The continuous market volatility reminds us about the importance of portfolio diversification. It is one of the fundamental rules of investing not to sell when stock markets are down. At the same time, it is an excellent time to think about concentration of company stock and actions one should take when the time is right.
Owning a substantial number of shares and stock options in your company creates a dilemma. Doing so can help you accumulate significant wealth if the stock price rises. At the same time, however, the risk of being overly concentrated can cause your net worth to plummet quickly if the stock price suffers a nosedive.
So what should you do—sell and diversify or hold on? That is a question I get asked a lot.
The answer depends on various factors and is different for everyone, depending on your financial and life goals, how you earmark assets for immediate and long-term goals, your risk tolerance, how much wealth you have built, and how diversified your portfolio is.
There is no defined rule for what constitutes over-concentration and experts have varying opinions. In my opinion, concentration occurs when company stock (or any single stock) makes up anywhere between 10% to 25% of your net worth.
It is easy to find yourself with a concentrated stock position if you work at a company for a long time and you receive various stock grants and options. If you are an executive or part of the initial founding team, concentration levels can be more than 90%. This is especially true if you are unable or reluctant to sell the stock.
There can be good reasons to continue holding company stock, such as being bullish and expecting future stock price appreciation. Or you may have a strong emotional attachment to the stock due to being a current or past employee of the company or owning the stock through an inheritance from a loved one.
Securities laws, such as lock-up periods and 10b5-1 trading plans, can prevent you from selling the stock, even if you want to. Estate planning considerations, such as the ability to gift highly appreciated stock at death and take advantage of a step-up in tax-cost basis, are another reason some people hold onto concentrated positions.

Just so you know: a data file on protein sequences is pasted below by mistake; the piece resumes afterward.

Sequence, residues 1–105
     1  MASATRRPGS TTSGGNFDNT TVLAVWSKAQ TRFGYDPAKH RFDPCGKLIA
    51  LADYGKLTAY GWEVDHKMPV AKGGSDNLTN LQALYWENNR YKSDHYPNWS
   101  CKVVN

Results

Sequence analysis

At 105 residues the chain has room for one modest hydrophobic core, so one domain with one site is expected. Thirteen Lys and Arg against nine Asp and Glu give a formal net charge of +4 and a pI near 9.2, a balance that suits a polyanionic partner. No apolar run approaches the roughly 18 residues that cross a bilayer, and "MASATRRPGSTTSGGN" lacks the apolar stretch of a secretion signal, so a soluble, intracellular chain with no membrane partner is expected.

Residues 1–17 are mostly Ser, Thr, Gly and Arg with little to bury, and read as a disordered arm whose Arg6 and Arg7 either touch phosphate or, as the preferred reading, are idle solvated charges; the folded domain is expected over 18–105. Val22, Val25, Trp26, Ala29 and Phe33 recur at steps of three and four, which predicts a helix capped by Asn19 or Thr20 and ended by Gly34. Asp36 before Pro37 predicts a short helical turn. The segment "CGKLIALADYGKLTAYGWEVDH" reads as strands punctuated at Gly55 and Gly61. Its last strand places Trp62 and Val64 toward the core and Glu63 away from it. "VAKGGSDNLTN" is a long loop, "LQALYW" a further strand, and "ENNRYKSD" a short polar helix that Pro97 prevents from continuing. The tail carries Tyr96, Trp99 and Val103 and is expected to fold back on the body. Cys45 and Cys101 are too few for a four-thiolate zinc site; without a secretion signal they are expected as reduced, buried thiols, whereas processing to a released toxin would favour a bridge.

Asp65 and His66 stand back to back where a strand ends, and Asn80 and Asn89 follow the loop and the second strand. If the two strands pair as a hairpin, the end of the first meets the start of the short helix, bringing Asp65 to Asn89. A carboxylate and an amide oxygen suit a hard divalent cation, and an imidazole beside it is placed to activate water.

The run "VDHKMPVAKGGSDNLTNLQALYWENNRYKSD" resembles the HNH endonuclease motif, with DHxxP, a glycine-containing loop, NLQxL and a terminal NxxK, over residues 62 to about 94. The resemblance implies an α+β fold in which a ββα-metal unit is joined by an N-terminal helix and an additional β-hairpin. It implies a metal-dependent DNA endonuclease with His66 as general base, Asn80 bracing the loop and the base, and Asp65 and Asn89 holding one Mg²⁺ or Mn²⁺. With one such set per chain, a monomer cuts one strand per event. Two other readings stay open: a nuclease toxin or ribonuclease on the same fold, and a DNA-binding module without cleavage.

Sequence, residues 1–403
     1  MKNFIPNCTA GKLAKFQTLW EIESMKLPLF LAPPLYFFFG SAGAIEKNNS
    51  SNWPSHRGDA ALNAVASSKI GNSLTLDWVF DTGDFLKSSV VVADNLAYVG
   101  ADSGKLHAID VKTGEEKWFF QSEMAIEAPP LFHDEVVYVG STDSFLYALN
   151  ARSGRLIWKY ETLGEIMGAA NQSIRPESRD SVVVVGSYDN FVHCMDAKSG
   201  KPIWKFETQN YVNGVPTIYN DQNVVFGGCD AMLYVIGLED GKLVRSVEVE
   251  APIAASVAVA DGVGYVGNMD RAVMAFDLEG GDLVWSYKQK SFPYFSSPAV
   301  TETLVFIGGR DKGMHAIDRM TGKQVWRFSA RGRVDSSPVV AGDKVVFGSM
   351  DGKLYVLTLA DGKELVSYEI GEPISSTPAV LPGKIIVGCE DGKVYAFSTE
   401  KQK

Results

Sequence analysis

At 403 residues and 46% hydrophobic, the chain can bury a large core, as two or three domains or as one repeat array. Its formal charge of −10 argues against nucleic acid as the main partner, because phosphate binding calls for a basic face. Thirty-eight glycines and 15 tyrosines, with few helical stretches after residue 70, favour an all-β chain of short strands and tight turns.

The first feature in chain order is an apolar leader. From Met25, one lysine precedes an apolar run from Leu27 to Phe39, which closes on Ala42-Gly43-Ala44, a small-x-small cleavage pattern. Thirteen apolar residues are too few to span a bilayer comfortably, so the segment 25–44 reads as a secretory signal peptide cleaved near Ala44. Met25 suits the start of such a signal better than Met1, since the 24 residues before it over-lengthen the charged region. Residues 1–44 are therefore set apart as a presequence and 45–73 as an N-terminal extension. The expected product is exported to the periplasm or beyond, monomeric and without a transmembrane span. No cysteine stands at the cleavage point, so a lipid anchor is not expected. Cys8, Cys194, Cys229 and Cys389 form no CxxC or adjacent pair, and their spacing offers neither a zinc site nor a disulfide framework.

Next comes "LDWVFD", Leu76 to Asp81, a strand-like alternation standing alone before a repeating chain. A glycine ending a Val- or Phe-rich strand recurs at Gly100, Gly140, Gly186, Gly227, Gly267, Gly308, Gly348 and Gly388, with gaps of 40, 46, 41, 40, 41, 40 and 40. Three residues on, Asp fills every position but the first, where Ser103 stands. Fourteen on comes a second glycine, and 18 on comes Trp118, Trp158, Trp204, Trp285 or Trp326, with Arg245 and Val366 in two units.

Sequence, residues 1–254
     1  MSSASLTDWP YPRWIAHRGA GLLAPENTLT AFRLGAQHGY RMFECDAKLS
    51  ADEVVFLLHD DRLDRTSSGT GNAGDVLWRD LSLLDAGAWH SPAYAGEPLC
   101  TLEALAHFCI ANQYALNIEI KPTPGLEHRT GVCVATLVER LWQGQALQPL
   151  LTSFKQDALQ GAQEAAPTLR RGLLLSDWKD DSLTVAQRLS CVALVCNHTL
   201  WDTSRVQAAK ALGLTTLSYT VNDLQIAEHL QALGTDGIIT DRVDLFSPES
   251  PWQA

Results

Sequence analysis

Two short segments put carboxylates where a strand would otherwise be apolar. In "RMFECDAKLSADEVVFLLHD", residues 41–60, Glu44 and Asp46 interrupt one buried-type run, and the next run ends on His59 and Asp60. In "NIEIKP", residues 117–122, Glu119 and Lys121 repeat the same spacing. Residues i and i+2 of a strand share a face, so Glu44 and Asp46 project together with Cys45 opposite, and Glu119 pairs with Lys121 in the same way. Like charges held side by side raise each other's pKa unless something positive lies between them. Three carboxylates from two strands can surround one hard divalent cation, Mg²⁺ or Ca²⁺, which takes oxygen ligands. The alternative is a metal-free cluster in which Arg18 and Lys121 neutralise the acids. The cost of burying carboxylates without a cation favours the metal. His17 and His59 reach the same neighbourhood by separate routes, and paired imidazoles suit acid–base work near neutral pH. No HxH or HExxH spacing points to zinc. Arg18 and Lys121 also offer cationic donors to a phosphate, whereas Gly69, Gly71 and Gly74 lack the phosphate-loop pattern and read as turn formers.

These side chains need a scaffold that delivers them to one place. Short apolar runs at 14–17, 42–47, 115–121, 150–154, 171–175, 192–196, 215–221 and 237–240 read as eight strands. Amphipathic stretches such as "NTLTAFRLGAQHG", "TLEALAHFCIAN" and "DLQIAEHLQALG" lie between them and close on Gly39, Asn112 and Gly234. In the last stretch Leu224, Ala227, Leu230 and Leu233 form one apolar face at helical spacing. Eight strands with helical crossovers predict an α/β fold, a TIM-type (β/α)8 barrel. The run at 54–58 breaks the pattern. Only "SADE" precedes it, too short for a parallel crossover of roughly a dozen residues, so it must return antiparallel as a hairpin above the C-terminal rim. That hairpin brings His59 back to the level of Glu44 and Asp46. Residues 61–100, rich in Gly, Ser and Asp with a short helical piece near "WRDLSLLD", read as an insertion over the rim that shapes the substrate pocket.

Putting aside these reasons and considering your own personal and family wealth, how and when do you diversify?
I advise my clients to focus on fulfilling your life and financial planning goals while also accumulating wealth at the same time. The first step is to take inventory of your assets, including company stock, stock options, and real estate. Treat your net employment income as an asset for purposes of this exercise. Afterall, your ability to fund future goals will mainly depend on the income you earn from continuous employment.
You should also assess your liabilities, such as your mortgages for your primary residence and any other real estate holdings, other debts, and future college funding needs. The assets you own will allow you to cover your liabilities and living expenses and at the same time fund financial planning goals. They will also allow you to build discretionary wealth—wealth that you can use to pursue charitable giving or other goals.
Once you know and understand what you need to earmark to cover your core goals and liabilities, you can then determine what percentage of your concentrated stock to sell. Concentration will have a different meaning once you are able to sell and diversify the portion of your company stock that is earmarked to cover specific liabilities and financial goals. Beyond that is what we consider to be discretionary wealth.
This approach to diversifying out of concentrated stock can give you peace of mind, even when you believe the stock hasn’t reached its full potential. Creating your strategy to diversify on values-based decisions will make the diversification process easier.
Note that there are tax consequences when you sell and diversify out of concentrated stock positions, so be sure to consult a tax advisor before making any decisions.
If you have additional questions regarding this topic, please schedule a call today.